Now this is where my philosophy and methodology deviates from other programs that serve humans to help them get control of their behavior. I don’t say that the circumstance is bad. I don’t say drugs are bad. I don’t say porn is bad, nor do I say that the human must identify as being out of control, like I am an alcoholic, or I am an addict. The truth is the circumstance is neutral and you can learn to remove the over-desire you created, so that you can take these actions, if you choose to, without feeling out of control around them.
Most of my students would never identify as an addict, or having a problem at all. They just want to drink a little liquid courage. “I need a little liquid courage to approach that person, or have a few beers before bed as a reward for a long day at work. Or I just want to have a snack, even though I’m not hungry. Or I just want to watch some pornography, because I don’t have a girlfriend. Or I want to scroll social media to check in on friends and what’s happening in the world.” The brain allows for so many reasons, so many excuses, so many rationalizations and why it needs that dopamine to survive.
Buffering isn’t the thing itself. It is your relationship with the thing, which means it’s your thoughts about the thing. For most of you when it comes to buffering, your thoughts about the thing are unconsciously telling you that you had better engage with this thing; the alcohol, the sugar, the TV, the video games on the phone, the dating app, the pornography, the social media and all the rest of it, or else you’re going to die. Yes, you have conditioned your brain to make your relationship with these things that important. Your very survival depends on it, brother.
Now, you don’t know what you don’t know. When I started out as a confidence coach before making the shift into cognition coaching, I did a few workshops on pornography and how to stop watching it. Pornography was one of my buffers and I wanted to teach humans how to stop watching pornography, if they thought their relationship with porn was creating undesired results. For me, it brought down my self-confidence. So to develop more confidence in my students, removing pornography as a habit was a program that I offered. I actually still do offer this program in the academy.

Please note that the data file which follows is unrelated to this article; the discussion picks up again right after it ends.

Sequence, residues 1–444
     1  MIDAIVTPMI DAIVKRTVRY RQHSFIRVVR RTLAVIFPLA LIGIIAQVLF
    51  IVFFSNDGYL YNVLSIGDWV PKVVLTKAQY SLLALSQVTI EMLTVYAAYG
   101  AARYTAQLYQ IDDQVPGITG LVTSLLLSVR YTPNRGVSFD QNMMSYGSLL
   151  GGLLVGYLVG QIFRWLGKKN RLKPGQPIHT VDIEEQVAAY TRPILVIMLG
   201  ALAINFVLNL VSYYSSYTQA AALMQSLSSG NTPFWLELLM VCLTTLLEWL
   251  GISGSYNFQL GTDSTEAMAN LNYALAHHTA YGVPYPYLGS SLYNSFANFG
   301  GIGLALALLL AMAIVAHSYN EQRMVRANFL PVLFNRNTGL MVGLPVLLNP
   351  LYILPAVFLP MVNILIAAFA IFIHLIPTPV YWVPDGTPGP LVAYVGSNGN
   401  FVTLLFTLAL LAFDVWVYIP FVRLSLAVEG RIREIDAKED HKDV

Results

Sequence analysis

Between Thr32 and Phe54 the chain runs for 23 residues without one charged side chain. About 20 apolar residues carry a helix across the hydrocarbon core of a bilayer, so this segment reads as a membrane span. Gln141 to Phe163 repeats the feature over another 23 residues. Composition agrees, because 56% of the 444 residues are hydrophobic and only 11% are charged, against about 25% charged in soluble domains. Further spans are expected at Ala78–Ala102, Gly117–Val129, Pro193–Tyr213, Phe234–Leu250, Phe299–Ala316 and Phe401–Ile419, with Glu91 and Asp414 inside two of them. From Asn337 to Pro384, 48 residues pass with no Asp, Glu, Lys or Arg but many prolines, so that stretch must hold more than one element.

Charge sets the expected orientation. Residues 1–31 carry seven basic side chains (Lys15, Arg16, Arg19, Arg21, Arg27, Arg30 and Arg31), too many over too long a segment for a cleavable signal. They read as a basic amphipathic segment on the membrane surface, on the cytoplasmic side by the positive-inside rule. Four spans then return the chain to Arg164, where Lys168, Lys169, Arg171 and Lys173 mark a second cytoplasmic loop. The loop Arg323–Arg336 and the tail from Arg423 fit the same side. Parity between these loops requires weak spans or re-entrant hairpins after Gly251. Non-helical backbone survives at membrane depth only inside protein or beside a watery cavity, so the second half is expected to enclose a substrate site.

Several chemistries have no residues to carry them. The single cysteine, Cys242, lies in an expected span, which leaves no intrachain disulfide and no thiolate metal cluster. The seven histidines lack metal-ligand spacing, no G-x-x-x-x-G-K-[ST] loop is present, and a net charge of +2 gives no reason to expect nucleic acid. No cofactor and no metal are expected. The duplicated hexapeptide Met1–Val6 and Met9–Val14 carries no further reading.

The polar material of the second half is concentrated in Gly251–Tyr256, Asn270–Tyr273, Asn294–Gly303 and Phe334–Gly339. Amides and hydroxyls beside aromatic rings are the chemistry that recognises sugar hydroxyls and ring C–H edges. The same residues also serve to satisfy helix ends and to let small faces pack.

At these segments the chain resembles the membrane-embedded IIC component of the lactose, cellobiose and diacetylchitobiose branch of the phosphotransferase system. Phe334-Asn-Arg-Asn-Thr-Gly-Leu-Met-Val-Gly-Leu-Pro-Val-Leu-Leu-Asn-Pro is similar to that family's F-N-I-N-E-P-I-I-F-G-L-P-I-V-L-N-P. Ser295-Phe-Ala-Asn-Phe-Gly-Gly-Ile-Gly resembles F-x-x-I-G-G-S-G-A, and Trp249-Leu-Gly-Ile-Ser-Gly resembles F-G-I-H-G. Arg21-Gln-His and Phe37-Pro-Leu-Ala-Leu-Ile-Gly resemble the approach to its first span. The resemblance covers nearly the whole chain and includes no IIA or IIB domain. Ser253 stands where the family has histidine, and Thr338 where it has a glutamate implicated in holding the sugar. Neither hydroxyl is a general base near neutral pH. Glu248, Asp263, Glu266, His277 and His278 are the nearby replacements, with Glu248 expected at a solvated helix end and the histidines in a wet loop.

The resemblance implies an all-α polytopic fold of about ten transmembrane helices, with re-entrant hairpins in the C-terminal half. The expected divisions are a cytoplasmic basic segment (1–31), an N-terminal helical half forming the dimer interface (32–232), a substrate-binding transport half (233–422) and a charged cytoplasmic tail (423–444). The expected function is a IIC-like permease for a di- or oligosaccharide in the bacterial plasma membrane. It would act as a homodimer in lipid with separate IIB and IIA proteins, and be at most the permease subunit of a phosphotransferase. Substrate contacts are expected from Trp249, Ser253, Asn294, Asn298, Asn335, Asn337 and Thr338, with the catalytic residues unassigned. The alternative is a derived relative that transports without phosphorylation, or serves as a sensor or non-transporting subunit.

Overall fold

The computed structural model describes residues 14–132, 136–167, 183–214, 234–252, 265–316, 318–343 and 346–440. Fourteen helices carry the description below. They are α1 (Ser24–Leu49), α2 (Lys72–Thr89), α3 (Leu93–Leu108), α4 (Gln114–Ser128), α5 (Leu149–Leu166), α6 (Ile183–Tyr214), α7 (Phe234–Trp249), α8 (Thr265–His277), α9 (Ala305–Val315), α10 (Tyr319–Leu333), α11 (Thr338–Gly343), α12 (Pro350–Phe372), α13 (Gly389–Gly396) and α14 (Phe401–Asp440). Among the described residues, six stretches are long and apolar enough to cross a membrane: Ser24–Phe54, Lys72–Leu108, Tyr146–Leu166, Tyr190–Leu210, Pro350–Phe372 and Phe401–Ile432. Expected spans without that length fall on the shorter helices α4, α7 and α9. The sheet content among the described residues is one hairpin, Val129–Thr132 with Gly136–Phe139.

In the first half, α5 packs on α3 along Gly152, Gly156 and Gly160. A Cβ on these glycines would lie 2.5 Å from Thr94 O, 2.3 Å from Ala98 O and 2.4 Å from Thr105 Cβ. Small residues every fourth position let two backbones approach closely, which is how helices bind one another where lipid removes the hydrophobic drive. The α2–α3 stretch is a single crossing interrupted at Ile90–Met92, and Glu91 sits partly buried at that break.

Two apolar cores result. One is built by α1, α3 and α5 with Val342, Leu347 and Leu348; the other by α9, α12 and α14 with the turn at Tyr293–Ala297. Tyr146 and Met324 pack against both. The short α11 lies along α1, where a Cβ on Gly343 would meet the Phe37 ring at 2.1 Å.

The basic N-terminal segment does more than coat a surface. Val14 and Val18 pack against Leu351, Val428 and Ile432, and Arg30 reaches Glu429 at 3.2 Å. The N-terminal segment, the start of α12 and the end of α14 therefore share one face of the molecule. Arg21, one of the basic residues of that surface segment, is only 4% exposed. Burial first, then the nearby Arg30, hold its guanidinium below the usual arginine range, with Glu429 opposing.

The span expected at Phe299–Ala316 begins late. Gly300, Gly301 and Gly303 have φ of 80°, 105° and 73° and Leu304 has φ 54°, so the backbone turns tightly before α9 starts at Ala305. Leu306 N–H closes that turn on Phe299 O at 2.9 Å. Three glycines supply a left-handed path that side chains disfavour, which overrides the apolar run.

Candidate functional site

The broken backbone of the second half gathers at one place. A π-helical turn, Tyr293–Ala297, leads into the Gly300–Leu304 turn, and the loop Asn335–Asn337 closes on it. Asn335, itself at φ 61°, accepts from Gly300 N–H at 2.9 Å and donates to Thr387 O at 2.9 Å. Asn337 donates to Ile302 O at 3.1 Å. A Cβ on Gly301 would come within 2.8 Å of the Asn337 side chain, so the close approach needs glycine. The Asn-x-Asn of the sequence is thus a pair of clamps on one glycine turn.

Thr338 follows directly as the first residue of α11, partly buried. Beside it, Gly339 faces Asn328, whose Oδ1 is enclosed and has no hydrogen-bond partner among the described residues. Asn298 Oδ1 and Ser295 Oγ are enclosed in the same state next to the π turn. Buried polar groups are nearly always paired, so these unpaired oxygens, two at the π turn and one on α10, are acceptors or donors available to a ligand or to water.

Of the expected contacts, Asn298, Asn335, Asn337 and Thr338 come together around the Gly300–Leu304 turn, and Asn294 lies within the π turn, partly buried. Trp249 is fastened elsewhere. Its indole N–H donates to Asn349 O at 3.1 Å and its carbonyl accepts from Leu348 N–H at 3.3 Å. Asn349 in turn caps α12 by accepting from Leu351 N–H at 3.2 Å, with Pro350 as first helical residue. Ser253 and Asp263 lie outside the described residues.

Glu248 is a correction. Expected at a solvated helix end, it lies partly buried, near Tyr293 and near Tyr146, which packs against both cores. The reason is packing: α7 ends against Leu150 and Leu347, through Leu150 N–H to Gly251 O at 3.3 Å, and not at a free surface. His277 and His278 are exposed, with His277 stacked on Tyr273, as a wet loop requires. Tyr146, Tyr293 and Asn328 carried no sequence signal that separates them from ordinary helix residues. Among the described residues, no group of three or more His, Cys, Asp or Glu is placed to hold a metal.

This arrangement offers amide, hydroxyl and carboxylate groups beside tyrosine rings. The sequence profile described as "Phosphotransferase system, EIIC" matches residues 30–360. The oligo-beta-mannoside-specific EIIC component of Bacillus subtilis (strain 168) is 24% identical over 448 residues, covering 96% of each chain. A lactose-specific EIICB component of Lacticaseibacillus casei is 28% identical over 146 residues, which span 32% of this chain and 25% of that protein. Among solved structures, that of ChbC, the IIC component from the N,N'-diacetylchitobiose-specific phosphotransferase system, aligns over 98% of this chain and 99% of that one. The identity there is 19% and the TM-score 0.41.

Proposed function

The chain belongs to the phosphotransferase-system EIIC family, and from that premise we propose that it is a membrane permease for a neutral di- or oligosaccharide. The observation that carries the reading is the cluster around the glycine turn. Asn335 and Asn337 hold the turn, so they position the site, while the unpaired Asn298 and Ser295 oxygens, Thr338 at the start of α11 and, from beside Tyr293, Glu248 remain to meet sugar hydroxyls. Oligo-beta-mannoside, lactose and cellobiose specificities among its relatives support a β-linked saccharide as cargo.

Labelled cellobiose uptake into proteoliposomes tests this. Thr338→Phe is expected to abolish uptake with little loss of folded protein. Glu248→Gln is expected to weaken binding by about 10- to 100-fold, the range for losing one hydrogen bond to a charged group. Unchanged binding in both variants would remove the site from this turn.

I advertise this program on Facebook and I was very fascinated by some of the responses I would get. Now I know, the Internet is full of trolls and haters and instigators, but even with that knowledge, I was amazed at some of the comments that showed up in my advertisement. I mean, some of the things were like, “Hey, my girlfriend’s in the military. She’s deployed. I have to watch pornography, or pornography is a part of being an alpha male. Or if you don’t watch pornography, then you’re not an alpha male. Or pornography is how you have sex when you’re an alpha male.” I mean, all kinds of some of these things that came up in my comments.
My point is that most humans don’t know when they are buffering, because it’s such an unconscious process. You have convinced your brain, which has now convinced you that what you’re doing is super important for your survival and you’re probably not even aware of it. How do you become aware of it? That’s the question, right coach? Like, “Okay, coach. If I’m not aware of that I’m buffering, then how do I become aware of it?” You just stop doing it. Stop doing the action just once.
When you have a desire to eat sugar, or drink alcohol, or watch porn, or check Facebook, or Instagram or whatever, just don’t, and see what happens. Put your phone away for the day. Are you constantly thinking about it? Do you have this uncontrollable urge in your body to look at it? Do you feel agitated and anxiety around it? Do you want to check your e-mails, your texts, your likes, your notifications? Or how about this; next time you go to a gathering, next time you go to a party, or a bar, or a club, or whatever, don’t drink any alcohol and pay attention to what happens within you. Is there deprivation, agitation, irritation? Your brain wants to know why you’re putting yourself at risk of death. That’s what’s happening when you don’t reward your over-desire.
Now check this out. I’m going to give you a couple of tools on this episode to help you stop buffering. However, the most important step you can make is to expose your buffer, is to bring it into the light, because once you have awareness around a thing from that point forward, what you do with that thing is a choice. As long as it is unconscious, it has you. It has you believing that you need it for your survival, which is also fine. I want you guys to remember. I am not telling you that you must quit buffering. I’m not telling you that you must live your life as an alpha male. You are totally within your power of freewill, to choose to live in the animal motivational triad hardware and program through a beta condition.